Common Internet File System is a platform-independent file-sharing system that supports rich, collaborative applications over the internet which could be useful for collaborative post production workflows. It defines a standard remote file-system access protocol, enabling groups of users to work together and share documents via the Internet or within intranets. CIFS is an open, cross-platform technology based on native file-sharing protocols in Windows and other popular PC operating systems, and is supported on other platforms, so users can open and share remote files on the Internet without installing new software or changing work methods.
CIFS allows multiple clients to access and update the same file, while preventing conflicts by using sophisticated file-sharing and locking semantics. These mechanisms also permit aggressive caching and read-ahead/write-behind without loss of cache coherency.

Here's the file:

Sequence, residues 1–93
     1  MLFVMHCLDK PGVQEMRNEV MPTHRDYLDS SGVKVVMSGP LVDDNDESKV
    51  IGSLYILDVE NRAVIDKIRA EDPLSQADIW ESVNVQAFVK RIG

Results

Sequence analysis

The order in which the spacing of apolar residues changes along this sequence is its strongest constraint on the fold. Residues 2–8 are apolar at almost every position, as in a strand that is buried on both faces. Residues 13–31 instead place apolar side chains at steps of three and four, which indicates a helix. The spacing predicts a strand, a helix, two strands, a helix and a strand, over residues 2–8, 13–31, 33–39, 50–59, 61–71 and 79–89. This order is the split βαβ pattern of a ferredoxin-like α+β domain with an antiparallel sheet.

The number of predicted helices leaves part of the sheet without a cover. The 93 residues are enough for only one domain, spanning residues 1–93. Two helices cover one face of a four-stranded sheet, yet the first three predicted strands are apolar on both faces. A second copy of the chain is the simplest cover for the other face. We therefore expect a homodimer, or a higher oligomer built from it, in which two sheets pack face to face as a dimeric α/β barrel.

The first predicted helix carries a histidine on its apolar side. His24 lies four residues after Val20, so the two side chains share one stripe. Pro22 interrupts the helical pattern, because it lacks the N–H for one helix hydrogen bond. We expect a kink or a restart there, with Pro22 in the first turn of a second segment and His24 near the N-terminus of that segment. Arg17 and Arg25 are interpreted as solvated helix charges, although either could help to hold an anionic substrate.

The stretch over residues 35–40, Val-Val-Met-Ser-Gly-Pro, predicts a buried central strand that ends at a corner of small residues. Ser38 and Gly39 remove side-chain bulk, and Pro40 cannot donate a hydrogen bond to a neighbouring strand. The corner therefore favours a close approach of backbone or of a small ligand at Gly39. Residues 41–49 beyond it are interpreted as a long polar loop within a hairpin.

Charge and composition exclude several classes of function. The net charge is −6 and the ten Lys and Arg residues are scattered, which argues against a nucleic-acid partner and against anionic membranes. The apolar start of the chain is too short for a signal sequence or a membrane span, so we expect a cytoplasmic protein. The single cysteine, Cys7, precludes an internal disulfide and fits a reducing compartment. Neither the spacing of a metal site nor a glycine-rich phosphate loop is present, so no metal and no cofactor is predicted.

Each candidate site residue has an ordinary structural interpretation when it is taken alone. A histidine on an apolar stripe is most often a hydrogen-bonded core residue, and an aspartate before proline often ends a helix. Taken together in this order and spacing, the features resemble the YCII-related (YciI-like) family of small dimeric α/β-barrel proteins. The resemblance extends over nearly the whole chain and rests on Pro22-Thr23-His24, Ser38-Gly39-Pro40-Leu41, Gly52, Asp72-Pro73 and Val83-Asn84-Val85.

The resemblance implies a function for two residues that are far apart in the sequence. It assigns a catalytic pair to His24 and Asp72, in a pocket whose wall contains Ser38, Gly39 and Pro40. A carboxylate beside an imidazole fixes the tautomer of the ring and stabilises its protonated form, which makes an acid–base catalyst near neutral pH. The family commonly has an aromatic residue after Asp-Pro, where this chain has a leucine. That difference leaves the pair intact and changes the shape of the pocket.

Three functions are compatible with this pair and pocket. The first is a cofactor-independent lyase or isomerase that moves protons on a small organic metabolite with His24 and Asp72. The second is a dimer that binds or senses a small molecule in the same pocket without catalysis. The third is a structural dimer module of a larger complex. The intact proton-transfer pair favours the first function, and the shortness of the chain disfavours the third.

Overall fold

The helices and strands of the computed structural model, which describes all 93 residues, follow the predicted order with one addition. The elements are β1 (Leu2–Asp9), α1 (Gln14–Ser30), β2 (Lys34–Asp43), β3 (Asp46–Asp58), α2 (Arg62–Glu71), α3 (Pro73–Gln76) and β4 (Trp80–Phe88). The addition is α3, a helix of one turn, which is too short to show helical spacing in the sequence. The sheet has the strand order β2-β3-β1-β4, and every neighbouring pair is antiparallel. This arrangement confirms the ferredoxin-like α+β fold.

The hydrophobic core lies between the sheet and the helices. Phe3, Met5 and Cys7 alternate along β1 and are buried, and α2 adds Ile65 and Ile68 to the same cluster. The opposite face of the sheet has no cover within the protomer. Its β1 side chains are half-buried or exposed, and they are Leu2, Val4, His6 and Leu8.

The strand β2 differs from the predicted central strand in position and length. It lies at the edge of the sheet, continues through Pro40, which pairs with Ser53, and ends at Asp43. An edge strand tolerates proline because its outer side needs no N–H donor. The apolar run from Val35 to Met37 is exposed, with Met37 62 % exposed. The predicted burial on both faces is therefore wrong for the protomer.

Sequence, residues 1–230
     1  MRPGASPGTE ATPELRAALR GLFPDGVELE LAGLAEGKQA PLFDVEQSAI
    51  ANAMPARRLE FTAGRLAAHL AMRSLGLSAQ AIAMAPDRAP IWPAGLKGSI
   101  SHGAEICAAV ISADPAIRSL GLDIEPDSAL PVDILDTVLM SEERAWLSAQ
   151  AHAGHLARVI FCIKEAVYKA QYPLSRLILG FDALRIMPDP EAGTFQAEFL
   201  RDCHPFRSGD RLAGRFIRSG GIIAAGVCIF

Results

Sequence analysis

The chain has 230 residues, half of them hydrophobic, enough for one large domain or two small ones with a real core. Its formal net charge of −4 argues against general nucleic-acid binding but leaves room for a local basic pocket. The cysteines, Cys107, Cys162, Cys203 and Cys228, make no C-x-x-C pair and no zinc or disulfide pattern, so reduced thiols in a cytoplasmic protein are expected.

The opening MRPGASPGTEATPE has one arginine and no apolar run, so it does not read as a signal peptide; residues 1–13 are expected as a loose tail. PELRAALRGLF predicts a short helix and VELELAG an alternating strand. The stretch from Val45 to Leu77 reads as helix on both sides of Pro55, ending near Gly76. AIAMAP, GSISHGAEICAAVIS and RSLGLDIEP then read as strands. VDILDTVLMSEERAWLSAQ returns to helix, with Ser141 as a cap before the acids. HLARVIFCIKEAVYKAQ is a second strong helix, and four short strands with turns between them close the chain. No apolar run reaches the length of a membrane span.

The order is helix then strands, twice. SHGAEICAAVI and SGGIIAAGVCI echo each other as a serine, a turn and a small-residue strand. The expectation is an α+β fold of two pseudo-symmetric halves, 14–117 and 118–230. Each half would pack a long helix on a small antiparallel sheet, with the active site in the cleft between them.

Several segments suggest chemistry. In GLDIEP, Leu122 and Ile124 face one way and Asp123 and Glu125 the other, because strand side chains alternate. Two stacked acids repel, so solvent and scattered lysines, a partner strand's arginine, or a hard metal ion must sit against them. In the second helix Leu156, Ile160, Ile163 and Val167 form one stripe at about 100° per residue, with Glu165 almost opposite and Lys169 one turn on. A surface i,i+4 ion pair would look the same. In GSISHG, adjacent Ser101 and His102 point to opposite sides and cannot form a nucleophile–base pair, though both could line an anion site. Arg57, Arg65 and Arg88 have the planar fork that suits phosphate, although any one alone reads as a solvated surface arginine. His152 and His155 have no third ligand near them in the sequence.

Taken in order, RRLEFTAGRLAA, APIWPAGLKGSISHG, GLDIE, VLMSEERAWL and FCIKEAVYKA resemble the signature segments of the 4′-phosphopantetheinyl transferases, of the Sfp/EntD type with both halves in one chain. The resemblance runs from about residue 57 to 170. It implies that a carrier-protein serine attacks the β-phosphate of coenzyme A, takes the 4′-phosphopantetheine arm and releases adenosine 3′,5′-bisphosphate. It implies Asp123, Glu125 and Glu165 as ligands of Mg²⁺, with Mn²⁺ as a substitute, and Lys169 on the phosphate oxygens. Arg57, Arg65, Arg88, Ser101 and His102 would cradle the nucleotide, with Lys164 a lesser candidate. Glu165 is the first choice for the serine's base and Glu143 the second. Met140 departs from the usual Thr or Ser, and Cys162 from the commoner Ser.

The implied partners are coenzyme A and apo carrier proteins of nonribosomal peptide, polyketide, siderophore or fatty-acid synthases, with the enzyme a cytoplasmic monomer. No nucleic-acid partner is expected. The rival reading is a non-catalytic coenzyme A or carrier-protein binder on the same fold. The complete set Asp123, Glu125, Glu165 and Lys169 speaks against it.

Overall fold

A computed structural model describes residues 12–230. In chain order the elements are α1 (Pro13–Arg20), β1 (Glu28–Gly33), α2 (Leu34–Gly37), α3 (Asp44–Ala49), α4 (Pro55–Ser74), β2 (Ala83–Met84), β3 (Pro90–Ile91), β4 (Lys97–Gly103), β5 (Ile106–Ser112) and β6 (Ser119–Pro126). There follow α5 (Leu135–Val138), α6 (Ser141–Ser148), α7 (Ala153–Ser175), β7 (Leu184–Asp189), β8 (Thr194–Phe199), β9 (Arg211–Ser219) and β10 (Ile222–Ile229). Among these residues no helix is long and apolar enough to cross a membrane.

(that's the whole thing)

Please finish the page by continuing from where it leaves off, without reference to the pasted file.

CIFS also supports fault tolerance in the face of network and server failures.
In Quantel’s Genetic Engineering teamworking infrastructure, the Sam data server virtualizes media on-the-fly to give third-party applications instant access to all stored media using the CIFS protocol for no-API, out-of-the-box connectivity.